Anglo-Saxon culture. It is a name for someone who worked as a person who played a crowd, a stringed instrument similar to a fiddle or six-string violin. This instrument was known as a crouth or croude in Old English, and is still known as a crwth in Wales and as a cruit in Ireland. People in the West of England still refer to a fiddle as a crowdy-kit. CITATION[CLOSE]
Lowe, Mark Anthony, Patronymica Britannica, A Dictionary of Family Names of the United Kingdom. London: John Russel Smith, 1860. Print. Professional musicians of this sort made their livings primarily by playing at medieval fairs and wedding feasts. In Scotland "crowdie" means porridge.
Early Origins of the Crowdey family
Kent where it is generally understood that the first record of the name was found in the Hundredorum Rolls of 1275 as Richard le Cruder. CITATION[CLOSE]
Bardsley, C.W, A Dictionary of English and Welsh Surnames: With Special American Instances. Wiltshire: Heraldry Today, 1901. Print. (ISBN 0-900455-44-6) CITATION[CLOSE]
Reaney, P.H and R.M. Wilson, A Dictionary of English Surnames. London: Routledge, 1991. Print. (ISBN 0-415-05737-X) A few years later, Hugo le Crouder was listed in Leicestershire in 1278 and Kenwrick le Cruther was listed in the Assize Rolls of Cheshire in 1289. CITATION[CLOSE]
Reaney, P.H and R.M. Wilson, A Dictionary of English Surnames. London: Routledge, 1991. Print. (ISBN 0-415-05737-X) In Yorkshire, Adam le Crouther was listed in 1296 and Katerina Crowder and Thomas Crouder were listed in the Yorkshire Poll Tax Rolls of 1379. CITATION[CLOSE]
Bardsley, C.W, A Dictionary of English and Welsh Surnames: With Special American Instances. Wiltshire: Heraldry Today, 1901. Print. (ISBN 0-900455-44-6)
Early History of the Crowdey family
Another 207 words (15 lines of text) covering the years 1830, 1874, 1642 and 1646 are included under the topic Early Crowdey History in all our PDF Extended History products and printed products wherever possible.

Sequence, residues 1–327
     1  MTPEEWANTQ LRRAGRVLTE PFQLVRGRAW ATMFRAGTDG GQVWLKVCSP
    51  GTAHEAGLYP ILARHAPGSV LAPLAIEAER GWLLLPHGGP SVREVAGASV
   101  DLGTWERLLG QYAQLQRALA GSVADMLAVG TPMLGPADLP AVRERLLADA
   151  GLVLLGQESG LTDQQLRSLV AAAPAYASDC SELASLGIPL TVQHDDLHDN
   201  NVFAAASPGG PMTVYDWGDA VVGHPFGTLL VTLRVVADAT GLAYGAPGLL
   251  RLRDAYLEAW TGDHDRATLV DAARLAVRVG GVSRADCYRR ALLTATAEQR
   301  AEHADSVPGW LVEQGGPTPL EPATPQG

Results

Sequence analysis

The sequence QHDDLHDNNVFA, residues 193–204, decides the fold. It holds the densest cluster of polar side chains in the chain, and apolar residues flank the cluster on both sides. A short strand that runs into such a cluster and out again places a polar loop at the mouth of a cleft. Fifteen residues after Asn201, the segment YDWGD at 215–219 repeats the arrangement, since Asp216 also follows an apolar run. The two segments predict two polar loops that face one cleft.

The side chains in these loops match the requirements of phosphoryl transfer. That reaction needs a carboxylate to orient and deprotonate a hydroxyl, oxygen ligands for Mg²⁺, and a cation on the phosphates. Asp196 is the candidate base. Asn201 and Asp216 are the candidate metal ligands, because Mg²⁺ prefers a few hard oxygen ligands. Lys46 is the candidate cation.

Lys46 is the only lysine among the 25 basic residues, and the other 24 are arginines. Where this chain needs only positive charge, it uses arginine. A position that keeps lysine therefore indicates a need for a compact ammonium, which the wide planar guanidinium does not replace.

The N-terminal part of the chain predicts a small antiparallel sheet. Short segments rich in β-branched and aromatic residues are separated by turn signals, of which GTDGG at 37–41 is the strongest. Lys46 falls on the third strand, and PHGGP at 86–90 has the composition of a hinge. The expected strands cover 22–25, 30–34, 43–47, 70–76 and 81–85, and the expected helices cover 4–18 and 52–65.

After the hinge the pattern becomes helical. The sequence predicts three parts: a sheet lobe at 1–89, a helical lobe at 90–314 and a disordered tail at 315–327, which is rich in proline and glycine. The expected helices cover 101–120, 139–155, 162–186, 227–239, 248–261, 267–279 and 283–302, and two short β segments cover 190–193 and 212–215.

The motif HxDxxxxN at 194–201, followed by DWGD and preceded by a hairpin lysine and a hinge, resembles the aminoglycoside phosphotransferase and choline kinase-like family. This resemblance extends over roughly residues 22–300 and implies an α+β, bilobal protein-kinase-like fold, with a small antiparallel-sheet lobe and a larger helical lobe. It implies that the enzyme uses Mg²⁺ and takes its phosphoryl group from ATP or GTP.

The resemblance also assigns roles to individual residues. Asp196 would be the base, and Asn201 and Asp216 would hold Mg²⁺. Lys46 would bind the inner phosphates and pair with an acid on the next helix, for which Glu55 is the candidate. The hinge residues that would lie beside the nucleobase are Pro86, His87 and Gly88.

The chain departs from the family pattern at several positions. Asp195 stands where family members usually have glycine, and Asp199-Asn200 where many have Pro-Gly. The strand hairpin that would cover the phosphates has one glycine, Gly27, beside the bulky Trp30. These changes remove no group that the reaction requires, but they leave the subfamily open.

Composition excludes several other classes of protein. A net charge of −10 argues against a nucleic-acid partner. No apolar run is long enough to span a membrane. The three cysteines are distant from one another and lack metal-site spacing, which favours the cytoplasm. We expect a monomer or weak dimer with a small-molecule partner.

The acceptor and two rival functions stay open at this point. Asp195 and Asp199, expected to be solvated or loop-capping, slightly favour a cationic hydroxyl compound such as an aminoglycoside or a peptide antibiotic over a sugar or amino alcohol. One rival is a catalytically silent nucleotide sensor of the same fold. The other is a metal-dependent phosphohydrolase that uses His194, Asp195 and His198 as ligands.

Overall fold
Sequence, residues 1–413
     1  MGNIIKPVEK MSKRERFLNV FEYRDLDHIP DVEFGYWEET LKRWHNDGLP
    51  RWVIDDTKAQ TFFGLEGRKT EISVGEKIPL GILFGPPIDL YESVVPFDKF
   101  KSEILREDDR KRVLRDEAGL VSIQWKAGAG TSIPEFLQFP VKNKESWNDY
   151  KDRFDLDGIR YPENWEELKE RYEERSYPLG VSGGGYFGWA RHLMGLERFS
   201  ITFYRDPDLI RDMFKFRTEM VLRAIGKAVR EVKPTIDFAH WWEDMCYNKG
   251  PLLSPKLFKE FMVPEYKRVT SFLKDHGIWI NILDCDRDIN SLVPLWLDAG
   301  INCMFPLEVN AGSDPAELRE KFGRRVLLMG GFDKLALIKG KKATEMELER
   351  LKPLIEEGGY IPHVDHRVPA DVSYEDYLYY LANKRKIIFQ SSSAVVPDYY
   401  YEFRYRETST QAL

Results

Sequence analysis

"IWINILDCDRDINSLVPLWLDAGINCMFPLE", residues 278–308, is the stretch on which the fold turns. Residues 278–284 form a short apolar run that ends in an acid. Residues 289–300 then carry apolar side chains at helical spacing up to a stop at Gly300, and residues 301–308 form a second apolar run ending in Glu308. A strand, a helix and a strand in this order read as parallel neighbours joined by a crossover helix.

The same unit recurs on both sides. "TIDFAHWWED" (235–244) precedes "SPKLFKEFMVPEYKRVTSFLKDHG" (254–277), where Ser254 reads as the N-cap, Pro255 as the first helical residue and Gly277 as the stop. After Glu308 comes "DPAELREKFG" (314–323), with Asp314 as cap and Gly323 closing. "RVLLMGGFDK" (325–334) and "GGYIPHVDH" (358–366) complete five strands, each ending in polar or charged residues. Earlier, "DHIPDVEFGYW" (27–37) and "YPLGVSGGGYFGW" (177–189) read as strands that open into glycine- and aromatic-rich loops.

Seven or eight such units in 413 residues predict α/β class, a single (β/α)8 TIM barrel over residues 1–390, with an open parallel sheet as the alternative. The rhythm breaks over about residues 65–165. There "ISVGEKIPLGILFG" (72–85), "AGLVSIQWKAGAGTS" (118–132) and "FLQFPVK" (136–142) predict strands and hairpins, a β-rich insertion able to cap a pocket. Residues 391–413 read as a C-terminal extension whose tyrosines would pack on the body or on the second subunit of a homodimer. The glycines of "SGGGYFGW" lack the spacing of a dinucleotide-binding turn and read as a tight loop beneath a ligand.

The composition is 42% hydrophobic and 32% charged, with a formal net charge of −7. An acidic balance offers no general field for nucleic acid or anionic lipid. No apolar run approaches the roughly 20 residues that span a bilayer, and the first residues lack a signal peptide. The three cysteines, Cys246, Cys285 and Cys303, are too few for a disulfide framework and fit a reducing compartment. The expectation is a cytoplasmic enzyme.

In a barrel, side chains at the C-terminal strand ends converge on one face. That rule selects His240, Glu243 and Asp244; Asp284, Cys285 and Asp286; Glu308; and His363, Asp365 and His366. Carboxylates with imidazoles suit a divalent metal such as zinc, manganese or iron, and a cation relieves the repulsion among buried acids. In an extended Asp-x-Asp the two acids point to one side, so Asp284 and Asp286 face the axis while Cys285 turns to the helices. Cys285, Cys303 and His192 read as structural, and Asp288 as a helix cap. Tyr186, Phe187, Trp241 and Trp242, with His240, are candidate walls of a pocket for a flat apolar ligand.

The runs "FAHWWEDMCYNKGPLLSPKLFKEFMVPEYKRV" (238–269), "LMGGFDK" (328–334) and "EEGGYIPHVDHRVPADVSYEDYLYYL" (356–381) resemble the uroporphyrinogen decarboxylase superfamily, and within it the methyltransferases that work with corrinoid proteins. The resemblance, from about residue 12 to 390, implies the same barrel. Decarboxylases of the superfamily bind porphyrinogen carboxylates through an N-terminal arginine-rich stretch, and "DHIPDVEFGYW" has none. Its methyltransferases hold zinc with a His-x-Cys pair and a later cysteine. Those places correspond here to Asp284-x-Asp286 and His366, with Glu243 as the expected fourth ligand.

Crowdey Spelling Variations
hundred years that the English language has been standardized. For that reason, early Anglo-Saxon surnames like Crowdey are characterized by many spelling variations. As the English language changed and incorporated elements of other European languages, even literate people changed the spelling of their names. The variations of the name Crowdey include: Crowder, Crowther, Crouder, Crowdder, Crodare, Crowdair, Crowdere, Crowthers, Crouder, Croader, Croather, Crother, Crawther, Craudder, Crauther, Crauder, Craudair, Crothair, Crowthair, Crowthare, Croder, Crouter, Crowter and many more.
Early Notables of the Crowdey family (pre 1700)
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Migration of the Crowdey family to Ireland
Some of the Crowdey family moved to Ireland, but this topic is not covered in this excerpt.
Another 55 words (4 lines of text) about their life in Ireland is included in all our PDF Extended History products and printed products wherever possible.
Migration of the Crowdey family to the New World and Oceana
Many English families tired of political and religious strife left Britain for the new colonies in North America. Although the trip itself offered no relief - conditions on the ships were extremely cramped, and many travelers arrived diseased, starving, and destitute - these immigrants believed the opportunities that awaited them were worth the risks. Once in the colonies, many of the families did indeed prosper and, in turn, made significant contributions to the culture and economies of the growing colonies. An inquiry into the early roots of North American families has revealed a number of immigrants bearing the name Crowdey or a variant listed above: John Crowther who settled in New Hampshire in 1631; Elizabeth James and Mary Crowthers settled in Richmond, Virginia in 1820; Thomas Crowder who settled in Barbados in 1634 and later transferred to the mainland.
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